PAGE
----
This passion, together with his affinity for flora and fauna of the natural world led Oyloe to make an unusual choice for his higher education. Instead of applying for one of the many musical theatre programs at an American university, he announced his desire to train in New Zealand. "My Mom encouraged me to go for it if that's what I wanted, so I applied without telling anyone else, got in and said 'bye!' It was one of the best decisions and experiences in my life."

After his theatrical education, Oyloe based himself in Chicago where he has performed as an actor in straight plays and musicals, winning Jefferson awards for his performances not only in The Lost Highway, but also The Pillowman. His extensive acting resume includes the title role in Maury Yeston's Phantom of the Opera, Giorgio in Passion, Marius in Les Misérables, and Alan Strang in Equus. " I have always been drawn to musicals that are big, sweeping epics like Phantom and Les Misérables. I can be very soft spoken and a little shy, but then there is also something in my persona that allows me to transcend that when I play roles in very theatrical musicals."

In addition to his stage performances, Oyloe has written the instrumental scores for the film In Love with a Nun and for theatre productions of Equus and Eurydice. And just recently he has released a solo recording of his own compositions, When the Wide World Roars. "I have actually written quite a few songs over the years, and if I were a wealthier man, I would love to make more recordings," he says with both a hint of pride and yearning.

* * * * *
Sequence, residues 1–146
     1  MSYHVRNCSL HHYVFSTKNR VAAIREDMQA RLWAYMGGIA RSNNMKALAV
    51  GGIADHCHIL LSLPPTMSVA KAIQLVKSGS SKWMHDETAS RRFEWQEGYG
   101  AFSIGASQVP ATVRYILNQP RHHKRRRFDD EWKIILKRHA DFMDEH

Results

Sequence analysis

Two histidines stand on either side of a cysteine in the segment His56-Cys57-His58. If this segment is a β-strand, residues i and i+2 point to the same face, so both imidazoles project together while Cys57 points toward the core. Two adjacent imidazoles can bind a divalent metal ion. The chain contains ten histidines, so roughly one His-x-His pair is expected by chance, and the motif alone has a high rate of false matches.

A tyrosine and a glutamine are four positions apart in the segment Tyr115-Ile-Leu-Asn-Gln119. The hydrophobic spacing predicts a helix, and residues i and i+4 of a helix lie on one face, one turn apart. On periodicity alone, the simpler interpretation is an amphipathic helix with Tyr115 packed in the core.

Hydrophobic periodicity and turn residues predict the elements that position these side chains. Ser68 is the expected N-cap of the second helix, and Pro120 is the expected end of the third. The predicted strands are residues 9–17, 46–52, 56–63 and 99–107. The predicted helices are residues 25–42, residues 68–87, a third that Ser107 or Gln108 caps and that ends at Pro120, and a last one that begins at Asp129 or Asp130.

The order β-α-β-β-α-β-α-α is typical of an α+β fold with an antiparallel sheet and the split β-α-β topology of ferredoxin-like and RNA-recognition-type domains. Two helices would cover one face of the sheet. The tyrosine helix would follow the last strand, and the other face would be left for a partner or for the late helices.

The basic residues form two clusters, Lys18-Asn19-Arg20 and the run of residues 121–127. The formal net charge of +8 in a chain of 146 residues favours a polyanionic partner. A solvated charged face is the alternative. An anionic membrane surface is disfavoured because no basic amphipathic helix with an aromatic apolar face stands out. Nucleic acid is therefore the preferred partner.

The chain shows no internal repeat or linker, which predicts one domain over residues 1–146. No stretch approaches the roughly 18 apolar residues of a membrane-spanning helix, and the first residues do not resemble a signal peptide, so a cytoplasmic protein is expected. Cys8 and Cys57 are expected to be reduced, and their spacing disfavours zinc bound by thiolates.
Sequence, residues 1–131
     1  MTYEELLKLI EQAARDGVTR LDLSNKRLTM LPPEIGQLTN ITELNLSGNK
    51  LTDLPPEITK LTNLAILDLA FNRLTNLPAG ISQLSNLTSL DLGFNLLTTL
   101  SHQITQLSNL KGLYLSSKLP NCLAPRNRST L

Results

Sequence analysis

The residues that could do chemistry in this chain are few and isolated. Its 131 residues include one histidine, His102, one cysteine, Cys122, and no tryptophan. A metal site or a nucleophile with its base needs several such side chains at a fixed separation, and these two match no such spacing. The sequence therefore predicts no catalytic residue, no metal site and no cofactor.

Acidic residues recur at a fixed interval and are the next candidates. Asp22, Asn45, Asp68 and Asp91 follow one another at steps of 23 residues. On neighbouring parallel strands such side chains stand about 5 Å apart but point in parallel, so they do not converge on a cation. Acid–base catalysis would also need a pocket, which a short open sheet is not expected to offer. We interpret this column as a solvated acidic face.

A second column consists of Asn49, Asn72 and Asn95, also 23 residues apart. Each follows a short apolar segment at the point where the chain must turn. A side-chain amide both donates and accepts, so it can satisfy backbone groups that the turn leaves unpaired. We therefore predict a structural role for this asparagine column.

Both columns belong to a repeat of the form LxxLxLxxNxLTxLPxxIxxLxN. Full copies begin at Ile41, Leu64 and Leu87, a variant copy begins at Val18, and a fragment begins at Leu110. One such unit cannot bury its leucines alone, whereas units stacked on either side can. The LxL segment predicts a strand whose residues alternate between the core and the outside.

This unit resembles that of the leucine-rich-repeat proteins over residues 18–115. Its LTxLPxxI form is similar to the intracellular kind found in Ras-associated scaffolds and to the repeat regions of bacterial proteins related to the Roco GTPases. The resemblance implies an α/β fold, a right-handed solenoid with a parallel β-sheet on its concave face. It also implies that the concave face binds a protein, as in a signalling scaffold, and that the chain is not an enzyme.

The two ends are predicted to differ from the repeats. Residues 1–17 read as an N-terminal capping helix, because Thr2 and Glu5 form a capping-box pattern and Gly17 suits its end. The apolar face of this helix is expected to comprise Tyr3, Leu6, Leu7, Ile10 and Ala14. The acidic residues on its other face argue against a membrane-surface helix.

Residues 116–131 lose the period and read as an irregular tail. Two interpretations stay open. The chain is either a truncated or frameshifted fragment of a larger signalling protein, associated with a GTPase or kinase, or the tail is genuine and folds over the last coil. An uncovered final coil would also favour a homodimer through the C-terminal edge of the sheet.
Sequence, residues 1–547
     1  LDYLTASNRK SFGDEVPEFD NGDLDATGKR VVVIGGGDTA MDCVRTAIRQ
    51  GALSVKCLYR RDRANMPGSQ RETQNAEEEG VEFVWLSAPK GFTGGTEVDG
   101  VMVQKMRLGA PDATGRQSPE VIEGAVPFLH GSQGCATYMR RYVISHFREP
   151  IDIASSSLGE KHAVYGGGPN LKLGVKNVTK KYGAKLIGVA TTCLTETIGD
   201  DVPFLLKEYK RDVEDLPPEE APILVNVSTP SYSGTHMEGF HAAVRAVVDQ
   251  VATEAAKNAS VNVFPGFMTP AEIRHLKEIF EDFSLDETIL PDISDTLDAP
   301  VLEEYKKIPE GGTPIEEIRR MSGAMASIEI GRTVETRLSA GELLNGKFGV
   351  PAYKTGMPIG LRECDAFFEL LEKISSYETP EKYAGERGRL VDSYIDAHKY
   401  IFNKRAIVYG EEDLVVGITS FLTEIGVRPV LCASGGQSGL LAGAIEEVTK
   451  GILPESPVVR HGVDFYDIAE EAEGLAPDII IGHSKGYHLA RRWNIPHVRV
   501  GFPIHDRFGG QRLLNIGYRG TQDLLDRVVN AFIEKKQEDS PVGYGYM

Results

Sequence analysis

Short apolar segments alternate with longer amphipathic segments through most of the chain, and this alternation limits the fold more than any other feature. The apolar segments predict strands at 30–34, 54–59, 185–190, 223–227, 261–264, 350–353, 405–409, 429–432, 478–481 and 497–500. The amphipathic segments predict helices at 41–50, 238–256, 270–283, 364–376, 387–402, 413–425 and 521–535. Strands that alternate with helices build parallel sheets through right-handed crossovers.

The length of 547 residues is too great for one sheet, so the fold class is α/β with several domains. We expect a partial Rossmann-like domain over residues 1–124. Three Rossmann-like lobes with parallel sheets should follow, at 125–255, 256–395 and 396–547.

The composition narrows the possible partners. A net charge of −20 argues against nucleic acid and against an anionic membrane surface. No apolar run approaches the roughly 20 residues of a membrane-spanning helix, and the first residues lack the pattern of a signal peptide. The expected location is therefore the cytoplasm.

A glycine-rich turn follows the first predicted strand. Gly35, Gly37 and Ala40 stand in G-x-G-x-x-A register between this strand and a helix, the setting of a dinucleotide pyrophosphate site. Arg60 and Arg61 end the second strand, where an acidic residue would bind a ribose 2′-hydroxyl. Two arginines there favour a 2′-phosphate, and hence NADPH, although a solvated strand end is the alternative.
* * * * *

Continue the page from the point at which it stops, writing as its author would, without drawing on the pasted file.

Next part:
It is clear this project holds a special place among the myriad of creative activities which engage Peter Oyloe as an artist. "Being able to write the music and lyrics for my own songs and to perform them is one of the most personal things I do. It is something that belongs just to me," he says with the same quiet intensity with which we began the conversation. "It is a very important release of my inner self."

Photos courtesy of MSMT and Peter Oyloe

Peter Oyloe and The Hank Band opened MSMT's Monday Night Concert Series at the Pickard Theater, 1 Bath Rd., Brunswick, ME on July 10,2017. For information on the remaining two concerts in the series: 207-725-8760

For more information on The Hank Band: For information on Peter Oyloe's CD:

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From This Author Carla Maria Verdino-Süllwold